Mediation and UN sanctions are two essential policy instruments used by the United Nations in its efforts to prevent and resolve conflict. These two tools are almost always deployed in conjunction, although the degree of their overlap in time and the sequencing of their application vary. The project “UN Sanctions and Mediation· Establishing Evidence to Inform Practice” (a.k.a “SMP 1.0”) established an initial evidence baseline on how these tools interact and identified instances of complementarity and complication. Moreover, SMP 1.0 brought the sanctions and mediation expert communities together to begin to build a common knowledge base and to overcome entrenched misunderstandings.
As an immediate follow-on from SMP 1.0, UN Sanctions and Mediation 2.0: Moving from Evidence to Impact seeks to achieve two broad goals: first to help translate the evidence established through SMP 1.0 into more effective policy and practice and second, to continue to bridge the gap between the sanctions and mediation communities through awareness raising, support and training. SMP 2.0 proposes to do this through a three-pronged approach: policy uptake and substantive advice, training and assistance and dissemination and research.
The project leadership team is composed of Dr Rebecca Brubaker (UNU), Project Management Lead and UN Dissemination Lead, Dr Thomas Biersteker (IHEID), Sanctions Lead, and Dr David Lanz (swisspeace), Mediation Lead.
Paving Pathways to Peace Talks through Sanctions Exemptions?
The majority of UN sanctions regimes are designed in support of a peace process or to protect an existing agreement. Most of these peace processes involve talks that take place outside the country or region in conflict. Often, however, key stakeholders in the conflict – whose participation in the talks is necessary for a credible and even a durable outcome – are under UN travel bans and asset freezes. These targeted measures are among the most frequently applied of all UN sanctions. Thus, it is often assumed that mediators face a dilemma: exclude listed individuals from talks held abroad or include them and risk violating the existing travel ban and adjoining asset freeze.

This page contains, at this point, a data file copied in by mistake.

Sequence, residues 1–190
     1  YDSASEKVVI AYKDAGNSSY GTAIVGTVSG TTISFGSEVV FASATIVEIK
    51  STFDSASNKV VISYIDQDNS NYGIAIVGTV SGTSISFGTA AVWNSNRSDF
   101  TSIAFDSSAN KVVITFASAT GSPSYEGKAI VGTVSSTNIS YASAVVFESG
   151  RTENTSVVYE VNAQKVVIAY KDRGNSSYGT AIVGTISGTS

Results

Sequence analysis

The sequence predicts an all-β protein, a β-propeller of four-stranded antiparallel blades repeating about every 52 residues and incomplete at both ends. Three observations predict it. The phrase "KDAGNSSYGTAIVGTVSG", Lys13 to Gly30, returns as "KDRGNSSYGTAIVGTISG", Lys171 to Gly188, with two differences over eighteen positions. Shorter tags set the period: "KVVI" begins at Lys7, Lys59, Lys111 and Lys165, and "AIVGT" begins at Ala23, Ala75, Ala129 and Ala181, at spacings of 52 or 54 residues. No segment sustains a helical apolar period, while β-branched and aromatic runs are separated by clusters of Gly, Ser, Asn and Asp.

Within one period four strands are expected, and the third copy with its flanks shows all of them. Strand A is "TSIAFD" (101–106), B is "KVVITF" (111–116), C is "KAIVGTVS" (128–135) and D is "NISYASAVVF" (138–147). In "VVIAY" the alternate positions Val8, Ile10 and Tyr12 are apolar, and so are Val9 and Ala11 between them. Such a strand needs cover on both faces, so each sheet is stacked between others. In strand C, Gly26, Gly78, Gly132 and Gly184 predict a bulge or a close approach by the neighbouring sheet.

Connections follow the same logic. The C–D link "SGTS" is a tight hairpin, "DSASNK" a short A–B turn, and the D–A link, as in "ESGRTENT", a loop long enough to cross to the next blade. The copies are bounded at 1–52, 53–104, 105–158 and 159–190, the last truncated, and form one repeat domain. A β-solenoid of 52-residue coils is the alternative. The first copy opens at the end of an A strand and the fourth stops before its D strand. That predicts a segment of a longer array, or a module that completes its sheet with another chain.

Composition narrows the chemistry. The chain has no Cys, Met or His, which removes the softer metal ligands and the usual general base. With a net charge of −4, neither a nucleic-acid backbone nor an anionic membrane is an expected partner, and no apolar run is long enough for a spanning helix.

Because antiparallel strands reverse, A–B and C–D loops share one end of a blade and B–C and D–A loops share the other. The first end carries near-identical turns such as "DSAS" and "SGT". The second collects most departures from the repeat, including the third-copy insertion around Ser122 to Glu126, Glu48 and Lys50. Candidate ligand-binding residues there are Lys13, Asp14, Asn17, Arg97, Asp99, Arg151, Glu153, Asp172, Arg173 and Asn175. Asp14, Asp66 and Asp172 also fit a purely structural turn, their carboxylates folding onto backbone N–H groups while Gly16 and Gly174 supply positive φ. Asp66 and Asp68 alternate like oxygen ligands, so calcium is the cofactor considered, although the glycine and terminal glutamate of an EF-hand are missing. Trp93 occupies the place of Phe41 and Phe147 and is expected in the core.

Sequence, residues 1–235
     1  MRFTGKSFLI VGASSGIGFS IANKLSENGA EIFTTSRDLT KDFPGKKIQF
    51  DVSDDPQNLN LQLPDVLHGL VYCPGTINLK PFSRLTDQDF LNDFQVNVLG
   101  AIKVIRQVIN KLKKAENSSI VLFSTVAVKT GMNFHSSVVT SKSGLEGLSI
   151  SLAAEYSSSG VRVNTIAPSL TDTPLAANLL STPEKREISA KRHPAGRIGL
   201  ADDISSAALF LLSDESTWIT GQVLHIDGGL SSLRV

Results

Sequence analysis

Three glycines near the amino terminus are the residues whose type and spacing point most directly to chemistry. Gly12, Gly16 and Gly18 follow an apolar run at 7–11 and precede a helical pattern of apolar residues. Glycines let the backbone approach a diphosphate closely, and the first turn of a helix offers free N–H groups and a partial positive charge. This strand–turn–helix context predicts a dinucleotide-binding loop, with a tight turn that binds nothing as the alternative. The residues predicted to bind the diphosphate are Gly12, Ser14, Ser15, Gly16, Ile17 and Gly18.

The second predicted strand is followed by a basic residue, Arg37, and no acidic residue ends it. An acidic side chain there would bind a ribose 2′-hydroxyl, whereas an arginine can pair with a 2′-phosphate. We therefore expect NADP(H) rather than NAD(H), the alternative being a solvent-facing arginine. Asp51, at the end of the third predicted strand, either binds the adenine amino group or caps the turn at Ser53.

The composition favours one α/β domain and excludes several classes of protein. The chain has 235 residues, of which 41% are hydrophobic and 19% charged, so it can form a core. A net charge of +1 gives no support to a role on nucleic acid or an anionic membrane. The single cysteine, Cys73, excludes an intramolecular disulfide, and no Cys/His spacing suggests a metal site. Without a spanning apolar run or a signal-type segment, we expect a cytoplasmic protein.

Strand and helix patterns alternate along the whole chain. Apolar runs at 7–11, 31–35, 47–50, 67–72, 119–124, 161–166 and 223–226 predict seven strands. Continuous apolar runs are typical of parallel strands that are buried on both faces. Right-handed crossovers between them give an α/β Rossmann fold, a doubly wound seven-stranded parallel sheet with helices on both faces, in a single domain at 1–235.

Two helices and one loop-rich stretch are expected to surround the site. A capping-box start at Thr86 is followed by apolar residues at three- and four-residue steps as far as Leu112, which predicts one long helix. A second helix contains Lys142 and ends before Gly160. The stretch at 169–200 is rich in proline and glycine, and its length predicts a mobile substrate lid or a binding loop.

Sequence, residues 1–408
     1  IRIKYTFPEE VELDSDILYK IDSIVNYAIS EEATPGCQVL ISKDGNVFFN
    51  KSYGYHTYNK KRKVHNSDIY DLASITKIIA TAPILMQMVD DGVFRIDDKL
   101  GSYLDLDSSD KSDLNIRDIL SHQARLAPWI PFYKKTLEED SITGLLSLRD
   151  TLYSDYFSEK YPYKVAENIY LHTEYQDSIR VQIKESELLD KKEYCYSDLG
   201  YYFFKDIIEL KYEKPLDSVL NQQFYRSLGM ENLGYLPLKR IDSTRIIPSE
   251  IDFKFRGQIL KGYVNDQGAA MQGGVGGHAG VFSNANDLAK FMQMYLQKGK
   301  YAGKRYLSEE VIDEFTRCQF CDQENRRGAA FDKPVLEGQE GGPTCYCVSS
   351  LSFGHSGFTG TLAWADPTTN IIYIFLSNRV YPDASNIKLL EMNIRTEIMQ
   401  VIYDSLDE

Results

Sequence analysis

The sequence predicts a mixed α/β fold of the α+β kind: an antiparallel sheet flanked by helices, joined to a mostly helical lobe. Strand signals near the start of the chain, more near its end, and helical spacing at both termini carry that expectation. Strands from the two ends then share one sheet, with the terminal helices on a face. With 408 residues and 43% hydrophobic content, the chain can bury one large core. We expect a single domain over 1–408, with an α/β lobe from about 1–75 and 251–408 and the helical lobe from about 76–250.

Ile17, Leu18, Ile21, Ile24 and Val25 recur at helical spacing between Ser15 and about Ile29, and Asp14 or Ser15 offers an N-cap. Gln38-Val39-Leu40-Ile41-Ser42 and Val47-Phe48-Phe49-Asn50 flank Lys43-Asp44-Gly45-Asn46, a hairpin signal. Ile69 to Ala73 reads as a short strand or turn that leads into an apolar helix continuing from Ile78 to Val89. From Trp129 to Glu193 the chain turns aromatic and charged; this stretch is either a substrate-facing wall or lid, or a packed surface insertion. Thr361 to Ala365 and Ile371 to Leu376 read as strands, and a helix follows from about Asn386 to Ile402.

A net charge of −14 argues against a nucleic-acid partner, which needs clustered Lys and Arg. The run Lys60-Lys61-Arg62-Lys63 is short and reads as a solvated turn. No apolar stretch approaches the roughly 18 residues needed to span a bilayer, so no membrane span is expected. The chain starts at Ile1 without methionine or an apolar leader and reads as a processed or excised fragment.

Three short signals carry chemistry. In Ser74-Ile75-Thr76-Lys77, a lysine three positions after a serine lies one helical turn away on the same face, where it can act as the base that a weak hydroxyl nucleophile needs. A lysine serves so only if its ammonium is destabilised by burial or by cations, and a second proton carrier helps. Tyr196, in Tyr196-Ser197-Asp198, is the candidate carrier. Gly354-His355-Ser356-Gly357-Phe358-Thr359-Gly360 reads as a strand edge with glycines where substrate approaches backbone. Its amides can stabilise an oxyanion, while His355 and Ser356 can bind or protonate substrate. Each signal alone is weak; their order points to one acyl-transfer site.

Or do they? In all but one of the existing UN sanctions regimes, there are little known and rarely used exemptions that would allow sanctioned individuals to participate in peace talks. The language varies in specificity and scope and the process for applying differs between regimes (and even within regimes). But the overall message is clear: mediators possess a formal option for requesting an exception to a sanctions measure in order to enable the successful convening of parties for peace talks.
This memo, the first in a series, outlines the existing constellation of exemptions related to peace talks, examine how they are meant to work, share insights on how they actually work, discuss implications for policy practitioners, and propose actions aimed at improving these exemptions’ attractiveness to mediators.
Negotiated Settlement through Sanctions Relief: Options for the Korean Peninsula
The possibility of nuclear proliferation, and indeed nuclear confrontation, emanating from the Korean peninsula remains a serious threat to global security. The United Nations and major states have thus taken strong actions to counter the nuclear program of the Democratic People’s Republic of Korea (DPRK). Their response has vacillated between diplomacy and pressure, with sanctions as a key component. While the US has had a broad range of restrictive measures in place against North Korea since the Korean War in the 1950s, the UN Security Council only imposed sanctions on the country in 2006. However, it has since expanded sanctions “by an unprecedented number and scope of restrictions,” which have “effectively rendered the DPRK sanctions regime comprehensive.”
The policy memo makes concrete suggestions for a pragmatic middle-of-the-road approach, where some sanctions relief is granted in exchange for progress towards de-nuclearization of the Korean Peninsula, with full termination of sanctions and the creation of a nuclear-free zone as the end goals.
This piece, written by Professor Thomas Biersteker, Gasteyger Professor of International Security at the Graduate Institute, Geneva, and Dr David Lanz, Co-Head Mediation at swisspeace and Lecturer at the University of Basel, was published by the Asia-Pacific Leadership Network For Nuclear Non-Proliferation and Disarmament as part of this project.
In Spring 2018 the team submit a proposal for a panel at the 2019 ISA. The panel was accepted and took place on Thursday 28 March 2019. It featured the project team, a current SMP Project Advisory Board Member, Professor Peter Wallensteen, Professor Jennifer Welsh, and SMP Project Researchers, Dr Joanna Amaral and Dr Zuzana Hudáková.
In early October 2019, the project team gathered in Geneva to plan out the remainder of the SMP 2.0 activities. They developed a provisional Programme of Work for 2020 – 2021.
The project team members jointly and individually engaged in a series of additional dissemination activities, most of which fall under Prong III: